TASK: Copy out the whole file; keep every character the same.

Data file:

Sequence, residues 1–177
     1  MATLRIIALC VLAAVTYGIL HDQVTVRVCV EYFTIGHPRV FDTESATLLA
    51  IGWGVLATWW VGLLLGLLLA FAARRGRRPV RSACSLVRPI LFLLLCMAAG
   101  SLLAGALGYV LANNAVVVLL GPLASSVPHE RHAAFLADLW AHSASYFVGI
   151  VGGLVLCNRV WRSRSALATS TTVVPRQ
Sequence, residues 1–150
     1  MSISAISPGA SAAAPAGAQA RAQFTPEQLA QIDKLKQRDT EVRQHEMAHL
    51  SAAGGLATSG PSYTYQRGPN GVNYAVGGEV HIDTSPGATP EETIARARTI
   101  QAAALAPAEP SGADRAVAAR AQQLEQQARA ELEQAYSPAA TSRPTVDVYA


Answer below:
Sequence, residues 1–177
     1  MATLRIIALC VLAAVTYGIL HDQVTVRVCV EYFTIGHPRV FDTESATLLA
    51  IGWGVLATWW VGLLLGLLLA FAARRGRRPV RSACSLVRPI LFLLLCMAAG
   101  SLLAGALGYV LANNAVVVLL GPLASSVPHE RHAAFLADLW AHSASYFVGI
   151  VGGLVLCNRV WRSRSALATS TTVVPRQ
Sequence, residues 1–150
     1  MSISAISPGA SAAAPAGAQA RAQFTPEQLA QIDKLKQRDT EVRQHEMAHL
    51  SAAGGLATSG PSYTYQRGPN GVNYAVGGEV HIDTSPGATP EETIARARTI
   101  QAAALAPAEP SGADRAVAAR AQQLEQQARA ELEQAYSPAA TSRPTVDVYA